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Why was a blood sacrifice required in the Old Testament sacrificial system?

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In Leviticus 17, the Lord commands against consuming blood by noting, "For the life of the flesh is in the blood, and I have given it for you on the altar to make atonement for your souls, for it is the blood that makes atonement by the life" (Leviticus 17:11). Blood represented life. Without blood, a creature or person could not live.

Because of this, God chose to use a blood sacrifice as part of the sacrificial system of the Jewish people. Each time blood was shed, it reminded the people of life and death.

Further, the blood sacrifice of the Jewish people was directly related to the freedom of the Israelites from Egypt at the first Passover. On that night, each family was to share a meal of lamb, placing some of the blood on the sides and top of the doorposts to keep the family from losing its firstborn son. The people of Egypt who did not were struck by this plague and many died. The blood in the sacrifices represented life and death as well as freedom by the hand of God from slavery.

A blood sacrifice also included a cost to the one giving the sacrifice. The price of the animal involved represented a price that had to be paid by the one providing the offering. Each time a blood sacrifice was made, the one giving it was reminded of the cost of sin.

On a practical note, God also used part of the sacrificial offerings at the tabernacle and temple as a means of providing food for the Levites. The Levites served in the tabernacle and temple and did not share in the land inheritance of the other tribes. Deuteronomy 18:1-2 explains, "The Levitical priests, all the tribe of Levi, shall have no portion or inheritance with Israel. They shall eat the Lord's food offerings as their inheritance. They shall have no inheritance among their brothers; the Lord is their inheritance, as he promised them." God gave instructions for how and what the Levites could use as food for themselves and their families from the sacrifices of the people.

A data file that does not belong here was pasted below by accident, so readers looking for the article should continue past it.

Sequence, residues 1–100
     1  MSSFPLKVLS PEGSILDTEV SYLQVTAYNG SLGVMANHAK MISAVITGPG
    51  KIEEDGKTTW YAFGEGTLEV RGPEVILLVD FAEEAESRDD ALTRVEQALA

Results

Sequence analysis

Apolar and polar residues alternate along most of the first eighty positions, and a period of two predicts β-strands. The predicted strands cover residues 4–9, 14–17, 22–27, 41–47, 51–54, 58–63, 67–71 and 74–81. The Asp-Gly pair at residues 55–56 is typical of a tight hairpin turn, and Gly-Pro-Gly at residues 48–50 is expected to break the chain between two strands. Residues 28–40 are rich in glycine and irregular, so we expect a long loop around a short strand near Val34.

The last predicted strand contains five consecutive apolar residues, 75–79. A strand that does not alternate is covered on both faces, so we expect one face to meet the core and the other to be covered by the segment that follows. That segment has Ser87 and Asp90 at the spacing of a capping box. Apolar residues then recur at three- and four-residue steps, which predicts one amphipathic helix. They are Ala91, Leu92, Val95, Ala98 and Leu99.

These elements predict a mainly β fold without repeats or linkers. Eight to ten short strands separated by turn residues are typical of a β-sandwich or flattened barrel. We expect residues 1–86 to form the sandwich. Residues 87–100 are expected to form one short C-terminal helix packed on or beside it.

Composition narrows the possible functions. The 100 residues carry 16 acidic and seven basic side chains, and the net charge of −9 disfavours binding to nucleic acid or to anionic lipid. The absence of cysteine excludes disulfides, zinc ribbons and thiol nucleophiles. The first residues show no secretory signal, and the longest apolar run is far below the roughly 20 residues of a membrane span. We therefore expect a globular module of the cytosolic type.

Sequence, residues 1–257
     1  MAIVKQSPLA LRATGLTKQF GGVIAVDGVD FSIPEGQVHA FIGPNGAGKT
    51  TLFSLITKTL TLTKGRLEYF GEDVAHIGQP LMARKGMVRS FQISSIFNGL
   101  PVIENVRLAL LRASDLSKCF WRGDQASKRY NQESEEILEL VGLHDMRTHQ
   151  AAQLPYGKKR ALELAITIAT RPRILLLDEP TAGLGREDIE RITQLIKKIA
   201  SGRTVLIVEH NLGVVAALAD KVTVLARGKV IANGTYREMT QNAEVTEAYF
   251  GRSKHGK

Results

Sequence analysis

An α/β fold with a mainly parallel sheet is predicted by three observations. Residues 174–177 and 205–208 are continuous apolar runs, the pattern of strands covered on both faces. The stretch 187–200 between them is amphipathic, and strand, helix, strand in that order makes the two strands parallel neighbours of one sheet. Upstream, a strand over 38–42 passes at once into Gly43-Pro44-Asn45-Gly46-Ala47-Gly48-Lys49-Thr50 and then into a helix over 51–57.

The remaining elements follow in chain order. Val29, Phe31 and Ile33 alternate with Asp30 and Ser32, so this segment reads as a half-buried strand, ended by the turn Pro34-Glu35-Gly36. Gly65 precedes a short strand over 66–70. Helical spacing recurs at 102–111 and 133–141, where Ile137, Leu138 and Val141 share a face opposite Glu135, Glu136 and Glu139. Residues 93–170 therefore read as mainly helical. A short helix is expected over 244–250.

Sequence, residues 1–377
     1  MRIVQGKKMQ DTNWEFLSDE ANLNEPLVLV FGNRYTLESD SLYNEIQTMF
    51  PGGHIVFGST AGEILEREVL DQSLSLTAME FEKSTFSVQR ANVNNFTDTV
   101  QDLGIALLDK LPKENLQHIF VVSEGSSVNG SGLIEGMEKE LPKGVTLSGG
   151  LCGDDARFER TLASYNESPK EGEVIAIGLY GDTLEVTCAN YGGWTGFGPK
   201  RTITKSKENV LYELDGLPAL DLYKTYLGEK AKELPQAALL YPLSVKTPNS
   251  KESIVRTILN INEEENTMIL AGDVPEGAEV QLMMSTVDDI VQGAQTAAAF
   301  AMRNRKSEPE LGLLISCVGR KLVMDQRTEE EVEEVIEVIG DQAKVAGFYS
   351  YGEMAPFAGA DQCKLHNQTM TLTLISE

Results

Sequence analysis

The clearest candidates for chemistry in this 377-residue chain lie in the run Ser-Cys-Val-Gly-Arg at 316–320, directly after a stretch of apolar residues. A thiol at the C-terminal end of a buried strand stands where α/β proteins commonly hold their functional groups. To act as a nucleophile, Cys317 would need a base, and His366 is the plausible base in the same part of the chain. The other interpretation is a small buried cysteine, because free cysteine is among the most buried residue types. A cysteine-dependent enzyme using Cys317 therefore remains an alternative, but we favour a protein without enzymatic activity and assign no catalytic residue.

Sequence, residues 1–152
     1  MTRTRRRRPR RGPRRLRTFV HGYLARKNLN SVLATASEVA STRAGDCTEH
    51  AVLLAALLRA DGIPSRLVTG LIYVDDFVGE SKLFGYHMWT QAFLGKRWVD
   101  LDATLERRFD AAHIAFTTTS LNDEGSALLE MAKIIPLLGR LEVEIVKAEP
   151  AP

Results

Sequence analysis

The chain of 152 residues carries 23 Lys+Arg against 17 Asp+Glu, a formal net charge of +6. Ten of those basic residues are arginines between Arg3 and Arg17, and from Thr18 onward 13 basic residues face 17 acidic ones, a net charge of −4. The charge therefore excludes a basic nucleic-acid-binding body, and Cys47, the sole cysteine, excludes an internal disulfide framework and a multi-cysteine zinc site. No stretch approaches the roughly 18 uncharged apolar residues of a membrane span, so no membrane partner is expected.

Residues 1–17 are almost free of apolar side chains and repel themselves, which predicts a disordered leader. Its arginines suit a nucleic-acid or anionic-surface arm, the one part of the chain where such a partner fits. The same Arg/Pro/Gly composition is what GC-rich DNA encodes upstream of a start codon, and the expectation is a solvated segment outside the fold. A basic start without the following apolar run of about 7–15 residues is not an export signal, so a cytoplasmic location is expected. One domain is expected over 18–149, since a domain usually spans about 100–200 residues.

In addition, the blood sacrifices of the Old Testament also foreshadowed the coming of Jesus and His death upon the cross. The blood of Jesus was poured out as a sacrifice for the sins of people. This one-time sacrifice became the completion of the law and marked a new covenant for those who would believe in His name.

Before the death of Christ, the Jewish law required regular blood sacrifice offerings on behalf of sins. Hebrews 10:11-12 shares that this need changed with the shed blood of Christ: "And every priest stands daily at his service, offering repeatedly the same sacrifices, which can never take away sins. But when Christ had offered for all time a single sacrifice for sins, he sat down at the right hand of God." Christ's sacrifice was now sufficient and no further blood sacrifice is necessary.

Hebrews 9:11-18 also expresses that the blood sacrifices of the Old Testament pointed toward what Jesus would later provide. Verses 13-14 explain, "For if the blood of goats and bulls, and the sprinkling of defiled persons with the ashes of a heifer, sanctify for the purification of the flesh, how much more will the blood of Christ, who through the eternal Spirit offered himself without blemish to God, purify our conscience from dead works to serve the living God."

Related Truth:

Why is Christianity so bloody?

What does it mean that Jesus died for our sins?

How is Jesus' sacrifice propitiation for our sins?

How is Jesus the Lamb of God?

How is Jesus our High Priest?

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